David Rothenberg, Founder of The Fortune Society

Fortune Plays The Nurturing Role of Family For Our Clients

Tuesday, July 19, 2016

Three events took place during the early days of The Fortune Society that highlighted the significance of familial ties (or the lack thereof) for currently or formerly incarcerated people. On Christmas Eve of 1969, a man appeared at Fortune’s future office. At this time, Fortune was only two years old and consisted of volunteers working from a single-room office. Everyone had already gone home and I was closing up. Prentice Williams, with a broad smile on his face, announced: “I missed all of the 1960’s. There’s only a week left. What can I do?”

He went on to tell me that the only letter he received during his 11-year incarceration was the “form letter” that Fortune started sending to men seeking parole. All we could offer was a handshake, moral support, and some guidance on housing and jobs. Prentice and I had dinner on that memorable Christmas Eve before he returned to the Single Room Occupancy that Parole had provided for him.

I found it difficult to understand or even grasp the reality that Prentice was so isolated while he was incarcerated and that he didn’t even receive mail. I remember thinking at the time that if I traveled all the way to, say, Madagascar, by the time I arrived I would have had mail and packages from both grandmothers, at least three of my aunts, my sister, and my parents. In time, Prentice located a few relatives, but in those crucial first few months, it was the men and women at Fortune who played the nurturing roles of family for him.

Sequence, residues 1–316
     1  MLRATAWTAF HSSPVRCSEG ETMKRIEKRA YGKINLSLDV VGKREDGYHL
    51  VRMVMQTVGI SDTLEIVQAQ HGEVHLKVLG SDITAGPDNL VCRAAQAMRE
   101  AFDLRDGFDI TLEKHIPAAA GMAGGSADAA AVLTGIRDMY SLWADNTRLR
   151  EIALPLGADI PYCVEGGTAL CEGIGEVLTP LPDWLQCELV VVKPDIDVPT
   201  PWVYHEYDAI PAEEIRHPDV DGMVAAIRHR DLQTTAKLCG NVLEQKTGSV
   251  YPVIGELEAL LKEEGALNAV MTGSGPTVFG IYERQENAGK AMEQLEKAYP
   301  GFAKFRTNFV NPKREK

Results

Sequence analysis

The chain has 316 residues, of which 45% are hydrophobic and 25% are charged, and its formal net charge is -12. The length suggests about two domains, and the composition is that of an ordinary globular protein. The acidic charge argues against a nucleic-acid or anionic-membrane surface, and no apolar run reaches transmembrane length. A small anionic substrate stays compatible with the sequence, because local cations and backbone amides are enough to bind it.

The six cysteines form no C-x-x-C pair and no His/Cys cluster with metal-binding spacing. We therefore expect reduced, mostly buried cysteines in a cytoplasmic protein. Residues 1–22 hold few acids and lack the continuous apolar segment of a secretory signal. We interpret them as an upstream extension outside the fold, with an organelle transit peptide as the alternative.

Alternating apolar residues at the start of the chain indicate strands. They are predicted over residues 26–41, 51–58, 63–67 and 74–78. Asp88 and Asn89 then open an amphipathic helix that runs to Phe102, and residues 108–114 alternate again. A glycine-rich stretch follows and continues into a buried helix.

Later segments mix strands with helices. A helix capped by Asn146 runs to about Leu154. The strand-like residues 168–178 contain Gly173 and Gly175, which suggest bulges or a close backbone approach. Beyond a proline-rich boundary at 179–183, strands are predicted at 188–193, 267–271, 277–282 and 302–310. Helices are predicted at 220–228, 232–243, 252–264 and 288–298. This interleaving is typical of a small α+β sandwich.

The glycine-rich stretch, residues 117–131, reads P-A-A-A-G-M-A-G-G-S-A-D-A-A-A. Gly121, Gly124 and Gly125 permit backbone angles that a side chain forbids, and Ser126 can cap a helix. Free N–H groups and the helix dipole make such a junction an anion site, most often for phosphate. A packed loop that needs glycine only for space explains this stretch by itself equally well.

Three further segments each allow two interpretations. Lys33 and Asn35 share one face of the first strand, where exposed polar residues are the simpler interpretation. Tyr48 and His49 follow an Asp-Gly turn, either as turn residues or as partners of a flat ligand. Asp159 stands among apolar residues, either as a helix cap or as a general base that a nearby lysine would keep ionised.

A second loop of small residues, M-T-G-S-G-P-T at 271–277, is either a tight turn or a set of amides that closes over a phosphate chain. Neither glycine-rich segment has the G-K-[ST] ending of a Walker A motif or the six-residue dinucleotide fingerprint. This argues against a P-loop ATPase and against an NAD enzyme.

The second event involved Bob Brown, who came to Fortune after serving 28 years in prison. Slowly, I learned his story. Born out of wedlock, he was abandoned and left at the New York Foundling Hospital. Raised in a series of state-run institutions, foster families, and orphanages, he told me that he had no memory of being hugged as a child. In his last few years at Wallkill Prison, Bob Brown was one of a handful of men who joined a therapy group headed by a Chaplin, who was also a psychologist.

During those vital sessions, Bob opened up and discussed his fantasies of having a family. Eventually, Bob did become a husband and devoted father. He approached me and asked: “How can I tell my daughter that I once killed a man?” There are no easy answers to such questions. So I called a friend, a child psychologist named Eda Leshan, who invited Bob and me for dinner. Others at Fortune, specifically new parents with few parental guidelines, asked if they could also join us at Eda’s. That first supper lasted hours and everyone insisted that the dinners become weekly sessions. To show you how vital those parenting sessions were, let me share a brief tale.

20 years later, JoAnne Page and I hosted a party at Fortune and invited the children whose parents had participated in Eda’s potluck suppers. None of them knew how hard their parents had strived to give them something they never had. Bob, who initiated the sessions, had died. However, his daughter Phaedra, then in her 20’s, told us that her father was a major positive influence in her life. The other 20-year-olds shared that sentiment as they reflected on their parental guidance.

Bob also recalled an incident that had an enormous impact on him, which occurred in Green Haven prison. He had been locked up for 20 years straight with no outside contact. Not a single person in the world knew or cared where he was. One Sunday, a guard told him that he had a visitor. As he started to comb his hair and wash his face, he became anxious and angry that he had a visitor, interrupting his record of no outside contact.

When he reached the visitor’s room, the guard led Bob (who was white) to an elderly black woman. She looked at the guard and said “that’s not my boy” and Bob was told to return to his cell. He recalled standing there and thinking, “but won’t you visit with me even if I’m not your son?” It was then he realized that he not only wanted family, but that, without one to support him in prison, he had blocked all of his feelings and emotions to survive.

This article was featured in our latest issue of the Fortune News.

Categories: Community, Events, Featured


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